Karel De Gucht
European trade commissioner Karel De Gucht addresses a crowd. Reuters

The European Union's trade commissioner Karel De Gucht has denied that the mooted trade deal between the EU and the US will give multinational corporations power over incumbent governments.

Speaking at an event in London, De Gucht was responding to concerns raised by NGOs and politicians over the highly controversial investor-state dispute settlement (ISDS) clause which is under discussion, as deal brokers attempt to negotiate the finer details of the Transatlantic Trade and Investment Partnership (TTIP).

De Gucht said that he is currently awaiting the results of a public consultation on exactly how the Eu should approach these discussions, which was launched in March. De Gucht withdrew ISDS from the agenda in January after public concerns in Germany.

The clause would theoretically allow corporations to bring charges against any government that has a negative impact on its profits, due to local policy rulings. It has sparked fears that companies would be able to sue a government for diminishing the value of their investments.

Arguably the most high profile case of ISDS being activated was when a fracking company sought compensation from the Quebecois government for a moratorium placed on shale gas extraction, which the company claimed diminished the value of the land it had invested in.

In Europe, concerns have been raised about the potential influx of genetically-modified foods to the EU market, where they are currently outlawed. They are readily available, however, in the US.

De Gucht suggested that the EU would be able to maintain its local regulatory environment, saying: "Investment protection is not something brand new that didn't exist before. As I have already suggested, international investment agreements – including the ones people are worried about - already exist in their thousands. And despite their existence we have been able to put in place all the regulations of the EU's Single Market."

He also said that while he has the option of removing the clause from discussions, the US is unwilling to do so.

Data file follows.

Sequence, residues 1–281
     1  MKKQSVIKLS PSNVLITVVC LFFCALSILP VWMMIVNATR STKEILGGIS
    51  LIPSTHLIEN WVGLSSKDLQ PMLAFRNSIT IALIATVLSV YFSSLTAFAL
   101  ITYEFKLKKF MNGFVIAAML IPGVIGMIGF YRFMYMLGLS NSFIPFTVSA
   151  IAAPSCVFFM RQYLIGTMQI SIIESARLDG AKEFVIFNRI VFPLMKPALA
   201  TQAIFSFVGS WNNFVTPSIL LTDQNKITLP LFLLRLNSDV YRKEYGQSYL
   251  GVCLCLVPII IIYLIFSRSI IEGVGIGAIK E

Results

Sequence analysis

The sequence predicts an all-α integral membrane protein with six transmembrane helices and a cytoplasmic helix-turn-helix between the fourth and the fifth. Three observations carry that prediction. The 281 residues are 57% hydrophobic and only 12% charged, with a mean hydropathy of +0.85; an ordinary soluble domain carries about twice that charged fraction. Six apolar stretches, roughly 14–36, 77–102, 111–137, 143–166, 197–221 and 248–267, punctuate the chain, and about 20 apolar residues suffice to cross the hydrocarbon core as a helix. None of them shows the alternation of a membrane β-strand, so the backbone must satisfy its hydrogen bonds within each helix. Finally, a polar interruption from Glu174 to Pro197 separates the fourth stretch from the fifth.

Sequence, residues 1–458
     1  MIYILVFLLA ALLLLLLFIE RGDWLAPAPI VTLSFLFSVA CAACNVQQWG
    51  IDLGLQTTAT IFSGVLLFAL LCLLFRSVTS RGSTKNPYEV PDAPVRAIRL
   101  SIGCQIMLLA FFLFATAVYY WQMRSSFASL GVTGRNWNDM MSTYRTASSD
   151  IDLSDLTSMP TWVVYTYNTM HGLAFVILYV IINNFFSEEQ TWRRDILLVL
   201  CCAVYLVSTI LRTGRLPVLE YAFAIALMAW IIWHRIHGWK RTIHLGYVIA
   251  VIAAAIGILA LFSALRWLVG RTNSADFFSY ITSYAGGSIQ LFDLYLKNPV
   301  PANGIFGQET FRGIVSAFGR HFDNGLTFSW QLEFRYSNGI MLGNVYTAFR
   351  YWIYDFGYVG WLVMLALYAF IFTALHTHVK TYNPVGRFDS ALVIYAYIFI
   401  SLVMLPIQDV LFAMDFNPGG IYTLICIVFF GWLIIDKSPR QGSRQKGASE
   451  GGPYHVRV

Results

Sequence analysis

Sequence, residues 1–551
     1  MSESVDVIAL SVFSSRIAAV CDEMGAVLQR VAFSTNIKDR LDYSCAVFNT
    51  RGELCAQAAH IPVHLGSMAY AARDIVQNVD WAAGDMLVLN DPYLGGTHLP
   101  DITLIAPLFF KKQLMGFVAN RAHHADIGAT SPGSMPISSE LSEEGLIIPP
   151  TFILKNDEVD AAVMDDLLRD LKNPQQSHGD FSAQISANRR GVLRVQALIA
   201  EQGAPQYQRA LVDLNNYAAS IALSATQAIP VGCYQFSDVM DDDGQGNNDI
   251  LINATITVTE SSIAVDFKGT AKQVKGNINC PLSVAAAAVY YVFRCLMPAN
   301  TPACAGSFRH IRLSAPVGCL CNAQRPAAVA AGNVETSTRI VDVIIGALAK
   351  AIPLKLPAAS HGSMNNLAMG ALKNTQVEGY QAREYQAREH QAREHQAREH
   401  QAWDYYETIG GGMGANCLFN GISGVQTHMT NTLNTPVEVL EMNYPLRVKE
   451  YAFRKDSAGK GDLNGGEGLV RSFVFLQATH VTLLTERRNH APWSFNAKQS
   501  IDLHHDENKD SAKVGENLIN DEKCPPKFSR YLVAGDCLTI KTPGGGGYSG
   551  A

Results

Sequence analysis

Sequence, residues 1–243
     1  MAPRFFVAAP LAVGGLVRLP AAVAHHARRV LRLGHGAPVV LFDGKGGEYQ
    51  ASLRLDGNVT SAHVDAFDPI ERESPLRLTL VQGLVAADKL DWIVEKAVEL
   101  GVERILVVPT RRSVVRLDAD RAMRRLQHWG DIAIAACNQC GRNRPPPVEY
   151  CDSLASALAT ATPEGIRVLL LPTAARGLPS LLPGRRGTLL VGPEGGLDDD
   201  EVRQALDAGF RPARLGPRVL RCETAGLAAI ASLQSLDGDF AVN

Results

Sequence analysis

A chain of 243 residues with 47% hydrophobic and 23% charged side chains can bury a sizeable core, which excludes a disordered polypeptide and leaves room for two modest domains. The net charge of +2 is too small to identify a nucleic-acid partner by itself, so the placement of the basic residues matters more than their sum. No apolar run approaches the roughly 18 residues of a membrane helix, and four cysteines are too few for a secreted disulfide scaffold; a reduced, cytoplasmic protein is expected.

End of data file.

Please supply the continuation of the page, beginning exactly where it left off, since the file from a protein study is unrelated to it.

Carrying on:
Last week in an interview with IBTimes UK, the shadow trade minister and Labour MP Ian Murray, moved to assuage UK voters' fears over ISDS, as well as concerns over the impact TTIP would have on public services here.

Asked whether Labour support was dependent on both these items being excluded, Murray replied: "That's certainly the position of the Social Democrat members of the European Parliament, and Labour is part of that. They're very much of the view that the general utilities reservation [which would exempt public services] and ISDS are the red lines for them – and for us as well."

He added: "There's no doubt the NHS could be specifically exempt from any deal. There are good grounds for that."

In response to De Gucht's latest comments over ISDS, a Labour Party spokesperson issued the following statement to IBTimes UK to reaffirm its position on the matter:

"TTIP is the largest, most complex and significant trade agreement we've seen in decades. We are in support of a trade deal and of the range of benefits that it could bring including the opening of markets for British firms.

"Negotiation of the deal by the relevant authorities is an ongoing process and many details are being worked through.

"While we are supportive overall we have some concerns on the ISDS provisions and TTIP's potential implications on public services especially with regard to the NHS. We would not want the NHS compromised through TTIP and are seeking commitments on this."